Monday, January 15, 2018

Very Brief Blog: CMS To Consider Revisions to CLIA Regulations

On Friday January 12, CMS released a "Request for Information," notifying the public that it is considering a major update to CLIA regulations.   CLIA is a public health law that is implemented via lengthy regulations written by CMS.   In general, the regulations are quite dry: specifying requirements such as years of experience for staff and management, and specifying that controls, records, and accuracy of tests must be appropriate.   Much implementing detail is left to customs, guidelines, and standards of practice even after both the statute and regulations are considered. 

The CMS request for information is here, and is open until for sixty dates, until mid March.   See coverage at Modern Healthcare here, JDSupra(by ReedSmith) here, and 360DX here.   

A limited number of topics are being posted.   One is the equivalency or not of various associates' and bachelors' degrees, such as those in Nursing versus those in biology or lab science.   Another is penalties for abuses of proficiency testing.   Another is the methodology for crossmatch histocompatibility in transplant science.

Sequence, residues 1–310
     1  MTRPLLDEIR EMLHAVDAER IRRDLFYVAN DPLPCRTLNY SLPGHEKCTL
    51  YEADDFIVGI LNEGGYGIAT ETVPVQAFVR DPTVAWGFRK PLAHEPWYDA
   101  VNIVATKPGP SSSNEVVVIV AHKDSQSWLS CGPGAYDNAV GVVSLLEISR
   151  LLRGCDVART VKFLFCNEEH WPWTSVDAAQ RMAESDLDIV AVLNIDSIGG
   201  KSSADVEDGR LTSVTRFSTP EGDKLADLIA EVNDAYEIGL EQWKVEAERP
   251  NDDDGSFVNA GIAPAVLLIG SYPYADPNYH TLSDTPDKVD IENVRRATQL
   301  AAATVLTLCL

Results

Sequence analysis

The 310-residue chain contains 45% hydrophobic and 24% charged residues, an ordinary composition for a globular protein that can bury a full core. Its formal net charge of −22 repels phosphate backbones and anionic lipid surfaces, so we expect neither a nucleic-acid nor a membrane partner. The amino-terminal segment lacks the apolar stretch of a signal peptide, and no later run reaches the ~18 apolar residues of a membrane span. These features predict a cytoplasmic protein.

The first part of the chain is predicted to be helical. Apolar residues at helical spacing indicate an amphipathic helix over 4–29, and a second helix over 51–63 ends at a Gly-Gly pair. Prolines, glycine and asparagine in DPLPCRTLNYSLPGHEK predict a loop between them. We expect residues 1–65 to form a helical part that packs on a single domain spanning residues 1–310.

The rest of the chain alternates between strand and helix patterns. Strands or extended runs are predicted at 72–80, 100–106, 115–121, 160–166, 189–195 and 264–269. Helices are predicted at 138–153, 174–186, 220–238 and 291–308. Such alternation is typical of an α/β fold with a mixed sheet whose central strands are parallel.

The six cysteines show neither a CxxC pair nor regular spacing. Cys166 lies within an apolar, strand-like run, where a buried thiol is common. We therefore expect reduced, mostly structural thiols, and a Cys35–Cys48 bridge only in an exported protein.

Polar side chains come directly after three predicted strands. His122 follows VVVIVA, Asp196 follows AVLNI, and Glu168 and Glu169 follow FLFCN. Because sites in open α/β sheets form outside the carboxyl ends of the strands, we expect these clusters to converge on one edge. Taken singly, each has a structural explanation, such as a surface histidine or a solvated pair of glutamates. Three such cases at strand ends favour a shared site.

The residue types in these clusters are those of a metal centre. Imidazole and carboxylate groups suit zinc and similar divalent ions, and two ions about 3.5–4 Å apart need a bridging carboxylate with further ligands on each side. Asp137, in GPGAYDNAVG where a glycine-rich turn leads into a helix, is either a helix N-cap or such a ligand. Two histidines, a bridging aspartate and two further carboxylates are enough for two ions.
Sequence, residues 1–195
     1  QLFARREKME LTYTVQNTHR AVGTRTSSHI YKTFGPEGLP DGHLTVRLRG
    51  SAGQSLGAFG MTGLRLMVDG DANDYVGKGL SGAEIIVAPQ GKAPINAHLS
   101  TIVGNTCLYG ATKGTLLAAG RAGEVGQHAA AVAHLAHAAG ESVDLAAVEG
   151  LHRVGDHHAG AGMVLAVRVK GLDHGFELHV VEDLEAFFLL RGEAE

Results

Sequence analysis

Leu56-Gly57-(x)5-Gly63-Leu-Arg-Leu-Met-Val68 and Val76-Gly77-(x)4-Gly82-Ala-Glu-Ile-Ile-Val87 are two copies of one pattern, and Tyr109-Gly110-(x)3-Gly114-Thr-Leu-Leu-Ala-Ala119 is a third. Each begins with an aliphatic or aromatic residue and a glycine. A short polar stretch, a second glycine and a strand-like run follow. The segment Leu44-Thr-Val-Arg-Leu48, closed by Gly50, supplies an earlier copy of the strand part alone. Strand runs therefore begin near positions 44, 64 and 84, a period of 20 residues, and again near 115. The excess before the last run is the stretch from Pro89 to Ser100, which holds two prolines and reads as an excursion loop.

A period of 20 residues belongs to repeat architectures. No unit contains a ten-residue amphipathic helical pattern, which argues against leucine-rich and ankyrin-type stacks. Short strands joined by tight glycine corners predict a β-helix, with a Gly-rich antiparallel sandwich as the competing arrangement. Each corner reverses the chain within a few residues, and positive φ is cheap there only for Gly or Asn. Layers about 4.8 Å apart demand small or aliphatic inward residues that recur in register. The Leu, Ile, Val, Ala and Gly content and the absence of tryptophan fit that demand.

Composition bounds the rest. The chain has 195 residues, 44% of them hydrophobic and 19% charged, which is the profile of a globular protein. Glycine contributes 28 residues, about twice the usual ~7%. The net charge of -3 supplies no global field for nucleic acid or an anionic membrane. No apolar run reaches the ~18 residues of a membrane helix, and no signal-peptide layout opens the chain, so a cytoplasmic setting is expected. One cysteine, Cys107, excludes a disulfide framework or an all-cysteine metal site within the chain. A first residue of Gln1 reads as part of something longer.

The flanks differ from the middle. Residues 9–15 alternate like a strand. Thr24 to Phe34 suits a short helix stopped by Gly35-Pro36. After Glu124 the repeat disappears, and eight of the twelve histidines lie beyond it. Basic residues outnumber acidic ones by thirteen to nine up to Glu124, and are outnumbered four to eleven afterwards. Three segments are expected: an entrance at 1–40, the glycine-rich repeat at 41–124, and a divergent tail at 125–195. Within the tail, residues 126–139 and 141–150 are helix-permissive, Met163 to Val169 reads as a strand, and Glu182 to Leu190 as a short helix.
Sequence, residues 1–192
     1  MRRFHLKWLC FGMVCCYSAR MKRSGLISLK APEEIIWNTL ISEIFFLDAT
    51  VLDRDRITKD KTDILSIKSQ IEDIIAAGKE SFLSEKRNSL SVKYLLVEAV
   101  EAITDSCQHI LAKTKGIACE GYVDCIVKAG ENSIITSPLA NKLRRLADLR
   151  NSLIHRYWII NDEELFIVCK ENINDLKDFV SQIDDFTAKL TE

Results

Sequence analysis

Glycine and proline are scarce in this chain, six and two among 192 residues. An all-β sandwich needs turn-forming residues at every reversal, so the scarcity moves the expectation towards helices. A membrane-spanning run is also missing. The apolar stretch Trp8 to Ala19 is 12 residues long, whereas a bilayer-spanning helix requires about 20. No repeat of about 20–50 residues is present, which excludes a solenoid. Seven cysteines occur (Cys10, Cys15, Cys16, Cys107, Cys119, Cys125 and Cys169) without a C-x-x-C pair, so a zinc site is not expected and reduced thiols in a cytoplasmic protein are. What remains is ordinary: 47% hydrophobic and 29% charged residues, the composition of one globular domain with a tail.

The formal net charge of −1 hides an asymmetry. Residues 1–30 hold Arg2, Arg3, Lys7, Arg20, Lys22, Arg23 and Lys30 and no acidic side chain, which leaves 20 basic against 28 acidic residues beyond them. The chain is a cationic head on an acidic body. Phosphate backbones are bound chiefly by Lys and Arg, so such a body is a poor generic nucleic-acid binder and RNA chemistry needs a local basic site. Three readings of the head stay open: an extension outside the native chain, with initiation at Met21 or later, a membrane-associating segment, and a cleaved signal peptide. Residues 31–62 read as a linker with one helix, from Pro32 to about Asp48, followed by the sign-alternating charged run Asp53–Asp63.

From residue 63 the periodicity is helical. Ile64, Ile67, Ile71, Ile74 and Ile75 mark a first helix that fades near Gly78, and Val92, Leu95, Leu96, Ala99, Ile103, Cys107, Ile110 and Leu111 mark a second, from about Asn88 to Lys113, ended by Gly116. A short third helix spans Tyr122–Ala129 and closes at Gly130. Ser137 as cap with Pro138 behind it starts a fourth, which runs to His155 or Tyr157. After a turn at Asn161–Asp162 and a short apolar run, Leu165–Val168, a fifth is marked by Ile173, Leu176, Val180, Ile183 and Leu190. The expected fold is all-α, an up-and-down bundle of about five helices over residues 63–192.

The home page for CLIA statute and regulations is here.   The earliest version of CLIA covered labs billing CMS and labs with interstate businesses (e.g. federal authorities under the Interstate Commerce Clause).  This was CLIA 1967, and followed "scandals" in areas like PAP testing.   CLIA 88 broadened authorities to all labs.   CLIA statute  is only a few pages long, defining laboratory testing and laboratories, giving CMS the authority to establish standards, inspect, regulate, etc.    CLIA regulations are very dry and procedural, walking through staffing, proficiency testing, and quality systems for non waived testing in about a dozen historical areas (microbiology, virology, chemistry, toxicology, cytology, etc.)   For example, at 493.1254, for maintenance checks of equipment developed in-house, "the laboratory must establish a maintenance protocol that ensures equipment, instrument, and test system performance that is necessary for accurate and reliable test results and reporting."